“In terms of the longevity of Public Image I’m very pleased that I have the staying power and the patience – more patients than a hospital really,” he says. “I work in an industry that doesn’t like to be told a few home truths about itself. So you earn the reputation of being difficult to work with. Well hello, we’ve had 49 members of PiL, I’m not too difficult to work with, it’s just too difficult to work with me long enough!”
A life as packed as Lydon’s deserves an autobiography, and he’s got two. His 2014 memoir Anger Is An Energy references a line from PiL’s chart hit Rise, and 1995’s No Irish, No Blacks, No Dogs is a take on the xenophobic posters in London in the 70s, which stuck in the throat of Lydon, the son of Irish immigrants in the unforgiving English capital.
Lydon grew up in poverty in Holloway in north London and spent summers in his mother Eileen’s native Co Cork (his father John was from Tuam in Galway). He says he was too Irish for the Londoners but not Irish enough when he came to visit. When asked where his rebellious streak came from, he howls: “Ho ho! Definitely my mum and dad, they wouldn’t toe the line for anyone, and taught me never to be cannon fodder – don’t volunteer for causes that you don’t fully understand. That goes for religion as well, I’m not having any of that nonsense.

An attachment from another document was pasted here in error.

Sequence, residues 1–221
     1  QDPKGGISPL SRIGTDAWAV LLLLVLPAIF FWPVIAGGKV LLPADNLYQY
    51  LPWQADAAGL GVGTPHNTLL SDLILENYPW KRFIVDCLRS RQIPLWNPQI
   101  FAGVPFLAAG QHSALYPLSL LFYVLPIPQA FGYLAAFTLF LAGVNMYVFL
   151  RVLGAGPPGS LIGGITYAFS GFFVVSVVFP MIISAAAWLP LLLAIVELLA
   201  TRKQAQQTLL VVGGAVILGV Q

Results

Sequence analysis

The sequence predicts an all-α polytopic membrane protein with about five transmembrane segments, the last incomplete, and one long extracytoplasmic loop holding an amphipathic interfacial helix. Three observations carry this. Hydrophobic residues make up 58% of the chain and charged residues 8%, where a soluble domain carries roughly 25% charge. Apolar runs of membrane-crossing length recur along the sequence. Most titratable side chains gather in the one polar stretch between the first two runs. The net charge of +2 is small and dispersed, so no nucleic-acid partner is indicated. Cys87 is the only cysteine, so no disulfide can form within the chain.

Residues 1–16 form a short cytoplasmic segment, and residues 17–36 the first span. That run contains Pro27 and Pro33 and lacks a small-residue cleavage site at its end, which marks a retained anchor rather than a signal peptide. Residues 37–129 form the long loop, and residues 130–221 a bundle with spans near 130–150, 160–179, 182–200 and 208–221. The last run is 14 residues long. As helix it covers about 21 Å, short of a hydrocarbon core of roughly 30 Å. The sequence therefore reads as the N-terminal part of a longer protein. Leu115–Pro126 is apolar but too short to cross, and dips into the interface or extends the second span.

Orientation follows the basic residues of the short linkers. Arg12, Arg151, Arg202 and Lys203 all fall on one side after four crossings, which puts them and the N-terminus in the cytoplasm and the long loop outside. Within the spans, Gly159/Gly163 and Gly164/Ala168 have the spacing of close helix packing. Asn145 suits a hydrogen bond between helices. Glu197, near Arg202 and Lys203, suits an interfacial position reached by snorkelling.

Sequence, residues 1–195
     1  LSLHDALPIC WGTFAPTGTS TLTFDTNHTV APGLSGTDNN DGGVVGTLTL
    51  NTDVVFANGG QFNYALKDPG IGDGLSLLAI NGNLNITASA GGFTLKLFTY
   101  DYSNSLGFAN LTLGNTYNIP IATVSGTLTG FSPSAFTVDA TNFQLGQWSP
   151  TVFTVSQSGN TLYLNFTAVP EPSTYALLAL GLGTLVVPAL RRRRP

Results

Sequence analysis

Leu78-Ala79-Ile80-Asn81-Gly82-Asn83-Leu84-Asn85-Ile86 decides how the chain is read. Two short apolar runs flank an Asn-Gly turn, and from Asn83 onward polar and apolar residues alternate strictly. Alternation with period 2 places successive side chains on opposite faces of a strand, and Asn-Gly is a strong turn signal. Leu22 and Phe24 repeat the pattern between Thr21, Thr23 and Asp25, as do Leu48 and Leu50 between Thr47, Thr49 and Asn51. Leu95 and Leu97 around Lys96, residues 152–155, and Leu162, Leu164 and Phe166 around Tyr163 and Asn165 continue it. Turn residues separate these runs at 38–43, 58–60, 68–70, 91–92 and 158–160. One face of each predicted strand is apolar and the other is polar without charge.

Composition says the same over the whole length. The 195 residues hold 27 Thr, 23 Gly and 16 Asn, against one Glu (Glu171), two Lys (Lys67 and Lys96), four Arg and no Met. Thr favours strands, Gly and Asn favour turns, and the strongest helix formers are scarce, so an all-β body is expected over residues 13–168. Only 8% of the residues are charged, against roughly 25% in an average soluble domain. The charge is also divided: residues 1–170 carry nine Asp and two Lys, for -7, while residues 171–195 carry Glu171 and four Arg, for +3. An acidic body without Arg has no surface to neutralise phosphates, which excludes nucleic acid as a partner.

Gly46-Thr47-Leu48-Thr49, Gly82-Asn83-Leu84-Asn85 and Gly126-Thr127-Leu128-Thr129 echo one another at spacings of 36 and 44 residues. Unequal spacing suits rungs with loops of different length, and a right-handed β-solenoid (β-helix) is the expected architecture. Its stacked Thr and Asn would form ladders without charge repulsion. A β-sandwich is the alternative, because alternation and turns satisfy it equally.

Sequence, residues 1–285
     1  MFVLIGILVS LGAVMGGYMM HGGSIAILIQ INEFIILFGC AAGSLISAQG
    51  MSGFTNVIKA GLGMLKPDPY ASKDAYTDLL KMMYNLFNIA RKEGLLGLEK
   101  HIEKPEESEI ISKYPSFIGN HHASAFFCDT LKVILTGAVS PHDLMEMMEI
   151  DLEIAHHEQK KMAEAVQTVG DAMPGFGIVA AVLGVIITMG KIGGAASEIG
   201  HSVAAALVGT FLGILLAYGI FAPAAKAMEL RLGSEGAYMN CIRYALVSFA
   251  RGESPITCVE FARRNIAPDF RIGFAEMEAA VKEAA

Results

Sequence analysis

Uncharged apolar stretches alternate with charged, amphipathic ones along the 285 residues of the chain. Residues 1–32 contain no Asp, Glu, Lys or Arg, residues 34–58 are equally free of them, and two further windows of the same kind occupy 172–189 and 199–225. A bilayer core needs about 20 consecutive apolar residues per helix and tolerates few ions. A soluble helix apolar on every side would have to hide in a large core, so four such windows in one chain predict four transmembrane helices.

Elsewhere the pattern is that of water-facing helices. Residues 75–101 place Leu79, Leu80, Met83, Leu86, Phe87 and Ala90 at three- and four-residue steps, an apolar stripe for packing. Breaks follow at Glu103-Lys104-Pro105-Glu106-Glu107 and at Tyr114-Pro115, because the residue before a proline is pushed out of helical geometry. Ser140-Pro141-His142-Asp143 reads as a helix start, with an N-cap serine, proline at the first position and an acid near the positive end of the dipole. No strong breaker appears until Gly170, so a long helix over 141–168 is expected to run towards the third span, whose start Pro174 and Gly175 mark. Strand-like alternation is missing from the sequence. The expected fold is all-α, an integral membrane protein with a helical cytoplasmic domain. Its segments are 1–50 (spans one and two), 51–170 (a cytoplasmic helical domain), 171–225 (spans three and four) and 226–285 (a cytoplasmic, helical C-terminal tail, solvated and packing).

“To earn my loyalty and my respect – and this is a complete working class approach to life – you have to earn it, thank you. You have to first understand that I have some value as a human being. And once you know that then we can talk about principles and the issues. And then if you’ve achieved that and you tell me nothing but the truth, I’m solid with you for the rest of my life.”
One of Lydon’s most famous choruses, “May the road rise with you…” from Rise is a take on the old Irish proverb, and he said for years he struggled with it until it clicked. He says: “Yep, that’s as Irish as you can get! I tell you, when I was very young that used to puzzle me, what do you mean may the road rise? If the road rises it’d be harder to get up! Such was my analytic nature, but it’s a glorious term and the phraseology holds such deeper truths. It’s the Irish in me… we laugh at funerals and we cry at weddings.”